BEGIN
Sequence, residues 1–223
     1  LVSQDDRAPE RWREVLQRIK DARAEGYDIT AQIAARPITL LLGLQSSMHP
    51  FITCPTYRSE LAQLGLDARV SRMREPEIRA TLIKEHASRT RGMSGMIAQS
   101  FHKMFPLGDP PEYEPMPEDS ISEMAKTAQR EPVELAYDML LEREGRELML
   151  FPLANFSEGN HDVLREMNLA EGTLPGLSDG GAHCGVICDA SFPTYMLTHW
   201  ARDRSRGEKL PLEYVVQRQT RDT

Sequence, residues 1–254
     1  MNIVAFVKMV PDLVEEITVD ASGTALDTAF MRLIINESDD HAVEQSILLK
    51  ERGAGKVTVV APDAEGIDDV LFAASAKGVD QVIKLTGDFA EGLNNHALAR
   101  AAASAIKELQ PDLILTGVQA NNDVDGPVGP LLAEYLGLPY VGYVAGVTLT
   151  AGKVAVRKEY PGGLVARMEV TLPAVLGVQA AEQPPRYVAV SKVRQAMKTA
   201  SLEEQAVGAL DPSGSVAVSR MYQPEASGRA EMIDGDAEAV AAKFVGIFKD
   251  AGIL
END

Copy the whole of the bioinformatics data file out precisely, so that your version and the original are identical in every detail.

Sequence, residues 1–223
     1  LVSQDDRAPE RWREVLQRIK DARAEGYDIT AQIAARPITL LLGLQSSMHP
    51  FITCPTYRSE LAQLGLDARV SRMREPEIRA TLIKEHASRT RGMSGMIAQS
   101  FHKMFPLGDP PEYEPMPEDS ISEMAKTAQR EPVELAYDML LEREGRELML
   151  FPLANFSEGN HDVLREMNLA EGTLPGLSDG GAHCGVICDA SFPTYMLTHW
   201  ARDRSRGEKL PLEYVVQRQT RDT

Sequence, residues 1–254
     1  MNIVAFVKMV PDLVEEITVD ASGTALDTAF MRLIINESDD HAVEQSILLK
    51  ERGAGKVTVV APDAEGIDDV LFAASAKGVD QVIKLTGDFA EGLNNHALAR
   101  AAASAIKELQ PDLILTGVQA NNDVDGPVGP LLAEYLGLPY VGYVAGVTLT
   151  AGKVAVRKEY PGGLVARMEV TLPAVLGVQA AEQPPRYVAV SKVRQAMKTA
   201  SLEEQAVGAL DPSGSVAVSR MYQPEASGRA EMIDGDAEAV AAKFVGIFKD
   251  AGIL